A new in-depth analysis of results from 27 national public opinion polls by 12 survey organizations finds that the failure of the recent U.S. Senate debate over proposals to repeal and replace the Affordable Care Act (ACA) relates to deep divisions among Republicans, as well as between Republicans and Democrats, on the future of the ACA. In addition, the analysis suggests that the outcome of the debate was influenced by a substantial growth since the ACA’s implementation in public support for the principle that the federal government should ensure that all Americans have health insurance coverage.The article, which provides a framework for understanding how the American public viewed the recent congressional debate over repealing and replacing the ACA, was published online on Aug. 16, 2017 in the New England Journal of Medicine.The analysis finds that Republicans in the general public are much more divided on health care issues than was recognized by many commentators at the time of President Trump’s election, making it more difficult to enact major legislation. When asked what Congress should do about the ACA, 50 percent of Republicans said they preferred to repeal the law and replace it, but 14 percent preferred to repeal the ACA without replacing it, while 29 percent wanted to keep the law but work to improve it, and 4 percent wanted to keep the ACA as it is.In addition, the polls show how polarized Republicans and Democrats are about the overall future of the ACA. On most specific policy issues in the debate, the two parties disagreed, but there is one major exception: Majorities of both agree that the number of people covered by Medicaid should not be reduced.The most significant change since the implementation of the ACA has not been the increase in public approval of the ACA, which has gone from 44 percent in 2012 to 49 percent at the time of the recent debate in 2017, but rather the rise in overall support for universal coverage. When it comes to the question of whether or not the federal government should make sure that all Americans have healthcare coverage, six in 10 (60 percent) now say that it should be the federal government’s responsibility. The proportion of the general public saying they believe it is the federal government’s responsibility has risen from 42 percent in 2013 to 60 percent in June 2017.“When confronted with millions losing coverage, the public became more supportive of the principle that the federal government should ensure coverage for these people,” says Robert J. Blendon, Richard L. Menschel Professor of Health Policy and Political Analysis at Harvard T.H. Chan School of Public Health and lead author of the article. “This substantial change likely impacted the outcome of the Senate debate.” Read Full Story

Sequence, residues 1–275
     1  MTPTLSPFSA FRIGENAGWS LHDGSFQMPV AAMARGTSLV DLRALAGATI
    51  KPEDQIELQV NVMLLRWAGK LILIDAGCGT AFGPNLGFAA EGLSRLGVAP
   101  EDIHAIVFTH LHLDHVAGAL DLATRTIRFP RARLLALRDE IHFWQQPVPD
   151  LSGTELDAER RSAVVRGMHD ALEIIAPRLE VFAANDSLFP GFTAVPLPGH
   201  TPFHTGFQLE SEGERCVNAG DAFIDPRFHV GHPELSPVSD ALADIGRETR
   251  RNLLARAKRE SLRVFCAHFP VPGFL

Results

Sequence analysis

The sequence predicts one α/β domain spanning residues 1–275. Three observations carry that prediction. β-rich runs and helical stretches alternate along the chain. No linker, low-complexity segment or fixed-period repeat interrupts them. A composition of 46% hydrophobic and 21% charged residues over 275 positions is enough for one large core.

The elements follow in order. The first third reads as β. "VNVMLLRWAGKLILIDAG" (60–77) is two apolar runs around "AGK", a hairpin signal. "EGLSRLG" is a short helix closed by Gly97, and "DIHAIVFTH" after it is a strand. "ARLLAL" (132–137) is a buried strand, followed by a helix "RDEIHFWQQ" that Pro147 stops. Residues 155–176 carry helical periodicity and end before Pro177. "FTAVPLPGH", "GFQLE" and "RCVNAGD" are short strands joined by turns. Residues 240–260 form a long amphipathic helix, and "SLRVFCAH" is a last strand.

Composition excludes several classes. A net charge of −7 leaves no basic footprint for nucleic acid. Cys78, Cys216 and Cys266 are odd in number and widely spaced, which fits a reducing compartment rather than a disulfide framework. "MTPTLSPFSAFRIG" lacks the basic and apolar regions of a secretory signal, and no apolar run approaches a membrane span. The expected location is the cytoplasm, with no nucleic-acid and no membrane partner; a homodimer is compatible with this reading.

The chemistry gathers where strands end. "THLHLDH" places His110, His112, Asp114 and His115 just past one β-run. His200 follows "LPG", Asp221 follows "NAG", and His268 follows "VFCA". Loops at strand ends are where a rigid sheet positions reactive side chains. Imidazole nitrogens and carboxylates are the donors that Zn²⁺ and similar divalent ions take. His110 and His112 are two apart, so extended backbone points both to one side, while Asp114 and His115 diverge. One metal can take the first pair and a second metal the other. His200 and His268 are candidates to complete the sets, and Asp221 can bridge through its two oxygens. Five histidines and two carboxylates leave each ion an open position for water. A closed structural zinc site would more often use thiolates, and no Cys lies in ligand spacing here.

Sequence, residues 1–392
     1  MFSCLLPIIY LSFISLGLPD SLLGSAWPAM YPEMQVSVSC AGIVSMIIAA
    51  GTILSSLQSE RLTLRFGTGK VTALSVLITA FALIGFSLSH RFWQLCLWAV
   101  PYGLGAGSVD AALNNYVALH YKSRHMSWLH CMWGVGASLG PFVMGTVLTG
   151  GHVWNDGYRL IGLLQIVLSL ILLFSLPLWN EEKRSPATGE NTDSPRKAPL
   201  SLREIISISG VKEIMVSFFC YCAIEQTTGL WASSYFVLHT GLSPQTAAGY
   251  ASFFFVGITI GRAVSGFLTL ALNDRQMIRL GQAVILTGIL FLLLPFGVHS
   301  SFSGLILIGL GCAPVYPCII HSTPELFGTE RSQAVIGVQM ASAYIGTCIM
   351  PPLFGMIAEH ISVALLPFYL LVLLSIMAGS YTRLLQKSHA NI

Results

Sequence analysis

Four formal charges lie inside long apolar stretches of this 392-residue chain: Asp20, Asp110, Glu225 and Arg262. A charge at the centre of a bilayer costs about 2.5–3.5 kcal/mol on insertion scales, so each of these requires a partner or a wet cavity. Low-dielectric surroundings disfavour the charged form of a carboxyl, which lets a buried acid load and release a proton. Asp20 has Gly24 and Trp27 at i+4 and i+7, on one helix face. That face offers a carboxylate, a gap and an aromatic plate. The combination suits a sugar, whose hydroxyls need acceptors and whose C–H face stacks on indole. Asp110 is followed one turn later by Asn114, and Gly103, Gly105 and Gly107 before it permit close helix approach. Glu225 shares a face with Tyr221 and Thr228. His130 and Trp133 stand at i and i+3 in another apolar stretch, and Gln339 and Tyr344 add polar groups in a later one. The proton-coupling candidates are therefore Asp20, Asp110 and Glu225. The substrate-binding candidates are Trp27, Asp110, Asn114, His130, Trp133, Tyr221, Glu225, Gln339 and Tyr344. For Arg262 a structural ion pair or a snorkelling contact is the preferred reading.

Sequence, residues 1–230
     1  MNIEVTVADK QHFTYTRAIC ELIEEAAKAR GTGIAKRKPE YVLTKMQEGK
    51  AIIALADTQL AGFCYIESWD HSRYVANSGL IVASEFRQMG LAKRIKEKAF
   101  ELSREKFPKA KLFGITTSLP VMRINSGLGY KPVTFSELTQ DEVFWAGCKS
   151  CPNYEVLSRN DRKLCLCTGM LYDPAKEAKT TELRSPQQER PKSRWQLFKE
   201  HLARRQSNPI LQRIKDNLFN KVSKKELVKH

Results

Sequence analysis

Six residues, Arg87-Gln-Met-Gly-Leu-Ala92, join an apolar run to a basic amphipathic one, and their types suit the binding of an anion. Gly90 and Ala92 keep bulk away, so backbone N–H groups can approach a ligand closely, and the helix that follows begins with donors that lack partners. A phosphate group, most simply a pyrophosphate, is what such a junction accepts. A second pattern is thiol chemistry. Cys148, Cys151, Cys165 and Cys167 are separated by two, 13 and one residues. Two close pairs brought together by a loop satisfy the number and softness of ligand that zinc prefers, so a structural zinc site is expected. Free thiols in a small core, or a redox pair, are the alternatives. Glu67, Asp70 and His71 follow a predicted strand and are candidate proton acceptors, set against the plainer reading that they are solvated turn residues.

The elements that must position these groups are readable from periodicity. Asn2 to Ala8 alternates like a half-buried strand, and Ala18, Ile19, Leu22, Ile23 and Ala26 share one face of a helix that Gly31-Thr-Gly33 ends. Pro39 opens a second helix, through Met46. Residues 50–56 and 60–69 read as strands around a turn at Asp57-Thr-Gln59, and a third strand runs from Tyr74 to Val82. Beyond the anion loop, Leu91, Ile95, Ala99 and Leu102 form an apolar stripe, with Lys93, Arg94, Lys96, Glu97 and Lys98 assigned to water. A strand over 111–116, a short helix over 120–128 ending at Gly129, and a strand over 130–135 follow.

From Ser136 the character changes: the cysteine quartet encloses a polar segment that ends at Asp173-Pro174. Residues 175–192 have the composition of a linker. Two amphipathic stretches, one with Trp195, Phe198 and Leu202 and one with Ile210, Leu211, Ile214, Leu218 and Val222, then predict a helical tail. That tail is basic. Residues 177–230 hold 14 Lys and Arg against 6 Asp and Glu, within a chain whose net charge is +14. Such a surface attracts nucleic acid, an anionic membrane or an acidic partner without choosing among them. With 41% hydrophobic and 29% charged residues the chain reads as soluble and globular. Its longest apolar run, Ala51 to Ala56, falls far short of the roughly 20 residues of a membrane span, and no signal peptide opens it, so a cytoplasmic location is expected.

Over the previous generation, successive waves of new information technology – from the introduction of personal computers to the Internet to wireless broadband and diverse mobile devices – have enabled dramatic gains in workplace productivity. Today, in a period of widespread economic uncertainty and diminished expectations of the future, skeptics wonder if the tech-driven productivity gains of recent decades have run their course.Far from it. The explosive growth of digital data foretells the dawn of a new technological era that will be marked by utilizing both the data we have accumulated and the huge volumes of new data being created from sensors to personalize information experiences. The use of this massive and expanding data set will shift from historical understanding to predictive data analytics that deliver insights in real time to create new value that help shape our forward looking interactions. This idea of using information systems to shape future outcomes is unlocking a fountain of economic opportunity.According to the latest “census” of the digital universe conducted by the research firm IDC, the amount of new information in the world is doubling every two years, growing at a rate of more than 7.6 billion gigabytes per day.IDC claims that nearly one-quarter of this data holds potential economic value once it becomes tagged and analyzed. Yet, less than one percent of it is being analyzed today.Innovative companies and entrepreneurs have already seized this opportunity. Firms that integrate advanced data analytics into their operations are now realizing productivity gains of five to six percent higher than their peers, say Andrew McAfee and Erik Brynjolfsson of the Center for Digital Business at the Massachusetts Institute of Technology.For example, GE now embeds its jet engines with sensors to communicate terabytes of in-flight telemetry data per day, so mechanics on the ground can predict costly problems and perform less costly preventive maintenance. As CEO Jeff Immelt has said, the smarter use of data to achieve just one percent more of improvement in jet engine fuel efficiency can mean $2 billion in additional profits.In a similar vein, electric utilities are equipping customers with “smart meters” that transmit nearly 3,000 times more data per month about electricity usage patterns on their grids. The ability of these so-called “smart grids” to identify and predict transmission problems enables utilities to prevent more power outages before they occur.These early adopters in the innovative use of data are the exception rather than the rule, however. Fewer than 10 percent of the large companies we see actively use real-time, predictive data analytics to build a competitive edge. Over time, gains in productivity will be felt more broadly as these techniques become more widely adopted and routine.For years, organizations have used data mining to extract business intelligence from their internal databases. The next generation of smarter decision making will incorporate insights drawn from less structured data formats derived from social networking and collaborative applications, and location data generated by sensors inside mobile devices or digital tags attached to cargo goods as they move through supply chains.By 2020, seven billion people on the planet will be joined on the Internet by an estimated 200 billion “things” (cameras, gauges, sensors, meters, appliances, transaction systems, etc.) generating data through machine-to-machine communication. IDC estimates this machine-generated “Internet of Things” will account for fully 40 percent of information in the digital universe by the end of this decade. Much of this data will be gathered in tracking and reporting models, where it can be analyzed and transmitted to self-learning applications and then fed back to decision-makers – all in real time.Innovators in healthcare are already analyzing these external, informal data streams to identify and track epidemics of infectious diseases in real time, faster than traditional reporting methods followed by public health bureaucracies at the United Nations or global non-governmental organizations.The web site healthmap.org, developed by scientists affiliated with Boston Children’s Hospital, monitors emerging public health threats around the world using crowd sourcing and analysis of informal online data sources. Co-founder John Brownstein says Healthmap’s smart-phone app, “Outbreaks Near Me” took $10,000 to build and was two weeks ahead of the U.S. Centers for Disease Control in tracking and reporting the spread of the virus H1N1.A new book, The Human Face of Big Data, by photojournalist Rick Smolan, documents the many ways people are recording and analyzing their biometric data, their eating patterns, sleeping patterns and exercise habits, to generate new information that can help them predict how their bodies are aging, so they can improve their health before medical emergencies occur.The promise of tomorrow’s better living standards turns on predictive analytics that informs and even anticipates our needs. This new data paradigm will change almost every form of human endeavor, helping us to make healthcare and transportation more efficient, enabling citizens and law enforcement to work together to reduce crime, even allowing people to choose their mates with better hopes of finding the right match.As Smolan notes, “the real-time data streaming in from satellites, and from billions of sensors, RFID tags, and GPS-enabled cameras and smart phones, is enabling humanity to sense, measure, understand and affect aspects of our existence in ways” that would have amazed our grandparents.In this new era, information technology will leap beyond the acquisition and sharing of data on past activities and embark on a revolutionary course defined by real-time insights, smarter decision-making and predictive analytics that foretell a new generation of technology-driven economic gains.The technology to drive such gains exists. What’s needed most are people who know how to ask the right questions and know where to look for answers, who can recognize patterns that others do not see, and who can collaborate smoothly with colleagues in an organization to turn insights into smarter decisions—and tomorrow’s economic growth.